Project Brief: Bucciano
In 1913, Rosario and Gilorma Iodice fled their famine-stricken village of Bucciano, Italy with their young son Michele, then boarded a cargo steamship bound for New York City in search of a new country and a better life. Over 100 years later, great granddaughter Cindy Iodice finds her way back to the village of Bucciano only to discover there is still family living in the old country.
Bucciano is a story about finding family in our old country 104 years after my great-grandparents and grandfather.
During one of the largest waves of Italian immigration on record between World War I and World War II, Rosario and Gilorma Iodice left for America in 1913 never to return home to their native land. One-hundred and four years later, great-granddaughter and filmmaker Cindy Iodice traveled to Bucciano Italy to take pictures of the place her grandfather was born, only to discover there was still family living in the old country.
Cindy embarked on a journey to find and meet her family, better understand her culture, and explore the region. Once immersed in the village, Cindy quickly realized that her Italian family didn’t look or act the way Hollywood portrays Italians in cinema. Through interviews and research, Cindy learned that most Italians in the region had been experiencing working-class struggles in post-war Italy for decades. The characters and stories featured in Italian neorealism films, stories about famine, poverty and economic struggle more accurately depicted her family’s reality. The Iodice family, who once held noble status in Southern Italy were now living on government subsidies and barely making ends meet. Bucciano is a film about family, culture, and community in a rural village in Southern Italy.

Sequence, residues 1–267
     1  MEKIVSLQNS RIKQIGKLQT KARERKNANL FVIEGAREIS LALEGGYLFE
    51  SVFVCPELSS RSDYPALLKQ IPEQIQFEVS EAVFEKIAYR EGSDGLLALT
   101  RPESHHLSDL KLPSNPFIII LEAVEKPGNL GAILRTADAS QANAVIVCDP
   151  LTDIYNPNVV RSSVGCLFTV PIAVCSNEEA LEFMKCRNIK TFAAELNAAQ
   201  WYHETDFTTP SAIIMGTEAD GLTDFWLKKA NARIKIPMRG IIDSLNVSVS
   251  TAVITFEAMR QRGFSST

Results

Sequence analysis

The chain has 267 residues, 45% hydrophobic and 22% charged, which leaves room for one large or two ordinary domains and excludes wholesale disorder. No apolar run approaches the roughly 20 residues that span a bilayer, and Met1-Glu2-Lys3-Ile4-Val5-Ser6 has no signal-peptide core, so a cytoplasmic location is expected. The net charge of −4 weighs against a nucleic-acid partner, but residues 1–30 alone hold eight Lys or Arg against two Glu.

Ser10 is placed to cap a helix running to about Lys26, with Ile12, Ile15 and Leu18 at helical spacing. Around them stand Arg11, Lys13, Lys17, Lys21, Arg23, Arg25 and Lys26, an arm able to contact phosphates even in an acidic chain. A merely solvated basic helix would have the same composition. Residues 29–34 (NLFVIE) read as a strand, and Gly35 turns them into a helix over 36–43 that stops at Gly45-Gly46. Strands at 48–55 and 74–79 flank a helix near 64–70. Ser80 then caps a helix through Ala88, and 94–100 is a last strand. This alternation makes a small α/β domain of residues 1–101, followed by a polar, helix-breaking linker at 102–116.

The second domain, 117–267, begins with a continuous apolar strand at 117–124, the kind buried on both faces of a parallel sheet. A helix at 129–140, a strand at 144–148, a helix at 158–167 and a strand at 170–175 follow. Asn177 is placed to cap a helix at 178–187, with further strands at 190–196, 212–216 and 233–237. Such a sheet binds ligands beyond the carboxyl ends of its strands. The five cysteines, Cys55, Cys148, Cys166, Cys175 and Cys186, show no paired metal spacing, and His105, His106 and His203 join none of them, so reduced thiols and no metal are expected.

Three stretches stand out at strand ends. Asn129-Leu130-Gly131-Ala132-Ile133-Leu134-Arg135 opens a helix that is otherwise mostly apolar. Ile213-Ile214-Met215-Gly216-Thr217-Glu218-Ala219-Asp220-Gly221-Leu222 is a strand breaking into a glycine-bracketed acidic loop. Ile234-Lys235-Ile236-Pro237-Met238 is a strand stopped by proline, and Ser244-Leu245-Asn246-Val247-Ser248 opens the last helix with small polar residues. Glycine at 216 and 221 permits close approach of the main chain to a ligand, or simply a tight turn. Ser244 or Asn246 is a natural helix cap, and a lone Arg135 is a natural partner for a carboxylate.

In 2017, an Ancestry DNA test revealed that my grandfather was born in a place called Bucciano. A few months later I was attending a film festival in Naples Italy with my award-winning short film The Bridge. I decided to drive to Bucciano to take pictures of the place my grandfather was born. The first person I met had the same last name as my great- grandmother, Ruggiero. Then, I met with two young interns at city hall including Rosa Ruggiero. I commented to Rosa that she also had the same last name as my great-grandmother and that we were probably related. Rosa spoke some English and informed me that there were a lot of Ruggiero’s, and that we probably weren’t related. I waited in the town hall meeting room and when Sabatino Falzarano, the village archivist. Sabatino was able to find the birth certificate of Grandpa Iodice, the birth certificates of his parents and their marriage license. Sabatino told me that my great-grandparents were married right there in city hall, right where I was standing. I cried. The three hours that I spent in City Hall were overwhelming and incredibly emotional. By the time I left Italy, I had 60 new Facebook friends (and counting) and permission to return with my film crew.
Bucciano Italy, a commune in the Province of Benevento in the Campania region 40 km northeast of Naples located on the southern slope of Mount Taburno. Population: 2000 people. Life in Bucciano is simple. The economy is rooted in agriculture: olive oil, wheat, flour, wine, cherries, corn, and legumes. Generations of farmers tend to the lands once worked by their ancestors. New leadership in government began to make improvements to the infrastructure beginning in 2008 paving roads, introducing internet, cable television and solar to this rural mountain village. The village is surrounded by vast resources: fertile farmland, rolling lush green hills, and an unlimited supply of natural spring water located deep in Taburno mountain.